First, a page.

Dupo said the discovery of the leaf insect by her colleague is significant because its vulnerability to changes in the environment such as good forest cover “makes it important to monitor its population in the next few years.”

Many of the other species discovered in the last 10 years were also either threatened or endangered because of human actions or climate change.

Other insect species discovered in the last decade was the water beetle Hydraena ateneo found inside the Ateneo de Manila University and about 40 new ant species discovered by researchers from the Palawan State University and Harvard University. David General, who led the team, also raised the problem of deforestation that destroys the natural habitat of the insects.


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Photo from the Biodiversity Research Laboratory of the University of the Philippines

There were also a few curious discoveries by local botanists. In 2014, UP Los Baños scientists found a plant that absorbed nickel in high amounts, a rare ability for a plant. The Rinorea niccolifera was found in the western part of Luzon, in an area known for having soils rich in heavy metals.

It was in 2016 that UP biologists announced that they found a new and currently the smallest species of the foul-smelling Rafflesia plant. The parasitic plant Rafflesia consueloae was found in Nueva Ecija in the Pantabangan watershed area.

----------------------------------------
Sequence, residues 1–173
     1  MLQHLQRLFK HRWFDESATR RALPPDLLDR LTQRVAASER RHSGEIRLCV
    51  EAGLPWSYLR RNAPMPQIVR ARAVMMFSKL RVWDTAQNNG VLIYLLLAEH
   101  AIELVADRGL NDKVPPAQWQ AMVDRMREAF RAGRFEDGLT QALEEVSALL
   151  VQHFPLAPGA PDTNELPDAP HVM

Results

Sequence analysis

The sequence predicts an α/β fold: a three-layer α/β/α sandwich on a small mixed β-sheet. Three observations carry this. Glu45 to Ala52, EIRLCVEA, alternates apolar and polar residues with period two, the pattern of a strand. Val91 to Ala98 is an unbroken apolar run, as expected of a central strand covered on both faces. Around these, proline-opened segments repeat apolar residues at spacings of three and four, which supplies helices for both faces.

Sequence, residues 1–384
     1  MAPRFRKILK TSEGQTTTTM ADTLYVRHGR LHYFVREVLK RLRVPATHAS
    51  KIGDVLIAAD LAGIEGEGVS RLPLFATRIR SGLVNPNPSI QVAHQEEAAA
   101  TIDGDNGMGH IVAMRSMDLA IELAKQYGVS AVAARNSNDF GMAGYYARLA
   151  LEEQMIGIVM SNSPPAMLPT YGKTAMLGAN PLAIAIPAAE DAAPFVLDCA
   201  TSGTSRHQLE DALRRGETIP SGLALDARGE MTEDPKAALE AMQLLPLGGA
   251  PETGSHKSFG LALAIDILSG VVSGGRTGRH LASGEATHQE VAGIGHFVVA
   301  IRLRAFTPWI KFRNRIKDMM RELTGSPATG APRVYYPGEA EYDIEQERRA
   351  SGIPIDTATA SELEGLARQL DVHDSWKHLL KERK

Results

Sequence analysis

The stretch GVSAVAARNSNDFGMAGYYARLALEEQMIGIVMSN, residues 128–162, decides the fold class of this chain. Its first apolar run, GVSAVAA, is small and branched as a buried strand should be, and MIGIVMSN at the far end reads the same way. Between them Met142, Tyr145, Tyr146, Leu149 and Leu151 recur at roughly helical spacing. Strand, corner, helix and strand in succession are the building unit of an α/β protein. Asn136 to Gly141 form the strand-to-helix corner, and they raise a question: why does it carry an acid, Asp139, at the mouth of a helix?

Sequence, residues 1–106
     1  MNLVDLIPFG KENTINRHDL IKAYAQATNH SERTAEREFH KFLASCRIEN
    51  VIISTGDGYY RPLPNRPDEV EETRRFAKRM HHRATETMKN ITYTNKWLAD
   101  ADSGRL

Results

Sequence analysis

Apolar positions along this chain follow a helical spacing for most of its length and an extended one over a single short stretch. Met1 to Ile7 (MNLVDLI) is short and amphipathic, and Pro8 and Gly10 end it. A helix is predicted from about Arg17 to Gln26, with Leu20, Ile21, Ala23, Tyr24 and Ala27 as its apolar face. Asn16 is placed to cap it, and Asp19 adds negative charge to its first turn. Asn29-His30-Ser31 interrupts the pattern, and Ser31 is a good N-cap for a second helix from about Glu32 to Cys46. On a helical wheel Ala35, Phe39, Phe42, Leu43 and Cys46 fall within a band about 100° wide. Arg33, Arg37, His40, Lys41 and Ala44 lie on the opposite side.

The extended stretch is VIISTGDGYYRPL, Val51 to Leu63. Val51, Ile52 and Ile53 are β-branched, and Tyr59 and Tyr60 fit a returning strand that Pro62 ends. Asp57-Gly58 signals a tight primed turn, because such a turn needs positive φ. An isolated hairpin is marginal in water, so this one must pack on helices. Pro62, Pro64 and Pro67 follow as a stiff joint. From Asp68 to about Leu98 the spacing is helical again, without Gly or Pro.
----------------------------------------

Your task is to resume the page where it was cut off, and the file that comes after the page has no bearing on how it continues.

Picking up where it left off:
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R. O. Hutchinson

In 2012, two new owl species from the Philippines were declared – the Cebu hawk owl, Ninox rumseyi, and the Cebu hawk owl, Ninox rumseyi. Five more owl species, formerly believed to be a subspecies of the Philippine hawk owl, were also declared full species. 

A year later, an international team discovered the Sierra Madre ground-warbler in Luzon.


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Just this year, a team of experts from the United States and the University of the Philippines in Los Baños found two new species of mice – Rhynchomys labo from Mount Labo in Camarines Sur and Rhynchomys mingan from Mount Mingan in Aurora. Both have snouts that are “tweezer-like beaks” to slurp earthworms and have been observed to “hop like small kangaroos.”

There were also reports that a new species of tarsier was discovered in Dinagat Islands but follow-up stories said studies have yet to confirm this though they show that the population is “genetically-distinct.”


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Ted Alijibe, AFP/File

In 2010, a new species of the giant lizard (at 6.5 feet in length) was announced. The Varanus bitatawa eats fruit instead of meat like its cousin the Komodo Dragon and was found in a river valley in northern Luzon.

In 2012, two new frog species were unveiled. They are said to be allied to two different groups of species, the Platymantis guentheri group and Platymantis hazelae group.


Various expeditions in the last 10 years have yielded hundreds of new species found in deep waters around the Philippines. 

Among them are four new species of freshwater crab that are bright purple in color. They were found in streams in remote areas of Palawan.

The California Academy of Sciences also found hundreds of potential new species in 2011 and in 2015. Among their finds were a deep-sea shark called a bubble shark because it swells in size to scare off predators, according to

The Smithsonian Magazine also reported that the institution’s dive in 2015 yielded samples of a new kind of heart urchin and a sea slug that is hot pink and orange in color.